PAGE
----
Diego Costa made a relatively low key debut for Spain against Italy yesterday while Brazil romped to a 5-0 win over South Africa. But Brazil’s two centre forwards used, Fred and Jo, did not have a shot on goal between them while Costa is likely to get better.
This week, we look at the Brazilian striker who wants to make his nation cry in its home World Cup and the bizarre figure who hopes to take his place for the Selacao; an un-Cleverly petition by disgruntled England fans and Luis Suarez tries to make up with Ghana fans by asking them to blame Gyan for their 2010 World Cup quarterfinal defeat instead.
Three talking points during the international break
By Michael Cox (Soccernet)
Usually, international friendly breaks are greeted with a sigh of disappointment from across the globe as intense club seasons are disrupted by half-hearted matches, ones that increasingly appear of little interest to footballers.
This week, however, is the most important international friendly break in football. Realistically, it’s the final opportunity for managers to test out options before World Cup squads are named in a couple of months.
With that in mind, here are three particularly interesting storylines this week involving newcomers to the major contenders in Brazil.
Diego Costa makes Spain bow
Atletico Madrid’s Diego Costa will make his Spain debut this week, potentially providing La Roja with a solution to their clear weakness: the centre-forward role. Six years after fellow Brazilian Marcos Senna switched nationality and became a crucial part of Luis Aragones’ Euro 2008-winning side, La Liga’s second top goal scorer could have a similar impact.
Costa’s situation is extraordinary considering that he was able to choose between the World Cup hosts and the World Cup holders. His appearance against Italy will come less than a year after he faced Cesare Prandelli’s side in his Brazil debut.
Because he won’t have played a competitive game for either country until the World Cup, technically he could still be selected by Luis Felipe Scolari for this summer’s tournament, although the Brazil coach has indicated, understandably, that he wouldn’t consider Costa after his defection even if he had a late change of heart.
Already Costa feels like the natural option for Vicente del Bosque. The striking heroes from four years ago—David Villa, Fernando Torres and Fernando Llorente—haven’t been included for this friendly. Roberto Soldado is badly out of form. Pedro Rodriguez is more of a wide option than a genuine centre-forward.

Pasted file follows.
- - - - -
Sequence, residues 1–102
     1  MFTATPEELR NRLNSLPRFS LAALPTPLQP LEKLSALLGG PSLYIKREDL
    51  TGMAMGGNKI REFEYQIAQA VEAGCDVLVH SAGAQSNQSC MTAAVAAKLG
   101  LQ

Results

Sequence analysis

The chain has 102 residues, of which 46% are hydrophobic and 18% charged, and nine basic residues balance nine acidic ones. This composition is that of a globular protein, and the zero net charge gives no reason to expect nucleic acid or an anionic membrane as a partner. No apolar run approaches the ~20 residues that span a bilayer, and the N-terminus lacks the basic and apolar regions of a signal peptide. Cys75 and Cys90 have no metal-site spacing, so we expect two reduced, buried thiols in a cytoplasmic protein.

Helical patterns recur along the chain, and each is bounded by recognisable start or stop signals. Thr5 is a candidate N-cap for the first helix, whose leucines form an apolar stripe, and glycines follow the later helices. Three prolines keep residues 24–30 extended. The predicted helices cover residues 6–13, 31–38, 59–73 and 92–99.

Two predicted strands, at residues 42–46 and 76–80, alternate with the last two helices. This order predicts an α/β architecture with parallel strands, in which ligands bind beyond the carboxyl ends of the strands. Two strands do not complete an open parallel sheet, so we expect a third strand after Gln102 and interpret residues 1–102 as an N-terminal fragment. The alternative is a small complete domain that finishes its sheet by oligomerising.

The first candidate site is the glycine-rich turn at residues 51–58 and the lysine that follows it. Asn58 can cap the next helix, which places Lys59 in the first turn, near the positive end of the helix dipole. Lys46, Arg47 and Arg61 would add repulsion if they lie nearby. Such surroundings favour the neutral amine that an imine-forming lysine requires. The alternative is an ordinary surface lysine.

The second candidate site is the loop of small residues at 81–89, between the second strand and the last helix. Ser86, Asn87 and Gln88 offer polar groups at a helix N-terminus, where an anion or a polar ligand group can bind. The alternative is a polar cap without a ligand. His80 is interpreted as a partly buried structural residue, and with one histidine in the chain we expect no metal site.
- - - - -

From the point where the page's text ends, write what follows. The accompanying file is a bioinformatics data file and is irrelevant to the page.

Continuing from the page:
As such, Costa is challenging Alvaro Negredo for a spot up front, and while Negredo deserves a start having scored in four international matches since August, Costa will be given an opportunity to make an impact.
A powerful, energetic, persistent wind-up merchant of a centre-forward, Costa offers something entirely new to Spain, especially considering they started and ended Euro 2012 with Cesc Fabregas as a false nine, dropping into midfield to ensure possession dominance and more concerned with subtle flicks than battling with centre-backs.
Costa is also more of a natural goal scorer, having hit 47 goals for Atletico since Spain’s Euro 2012 victory.
Despite a poor performance in front of goal in the Madrid derby at the weekend, he is unlikely to flop if handed a start. This could be the beginning of one of the most extraordinary stories in football history—a Brazilian determined to make his home country suffer in their own World Cup.
Click here to read more on the talking points from this week’s international friendlies.
And here are some more interesting stories:
As a Brazilian named ‘Diego’, Costa was arguably born to betray his homeland. Graham Hunter writes on Spain’s new complex addition.
Click here to find out more about Diego Costa.
Brazil could do with a big centre-forward for the 2014 World Cup. But literally? An unlikely candidate named Walter is pushing to be at the front of the queue. Maybe he thinks it is a cafeteria line.
Click here for more on Fluminese’s portly new star, Walter, who emerged as an unlikely contender for a place upfront for Brazil
Meanwhile, England fans are insist that Tom Cleverly is not a clever choice for central midfield and have started a petition to ban him from the 2014 World Cup. Roy Hodgson is standing by his man.
Click here to read about Hodgson’s reaction to England fans’ un-Cleverly petition.
No such problems for Spain goalkeeper Iker Casillas. The national goalkeeping coach insists Casillas is irreplaceable even though he is number two at Real Madrid.
Click here to read about Iker Casillas’ vote of confidence.
Uruguay star Luis Suarez is fed up of being a hate figure for Ghana fans for his handled ball in the 2010 World Cup; and nobly suggested that they blame star Asamoah Gyan for his botched penalty instead.
Click here for Luis Suarez olive branch, which almost poked Asamoah Gyan’s eye out.
Click here for Wired868’s archive of fascinating stories in our build up to the 2014 World Cup.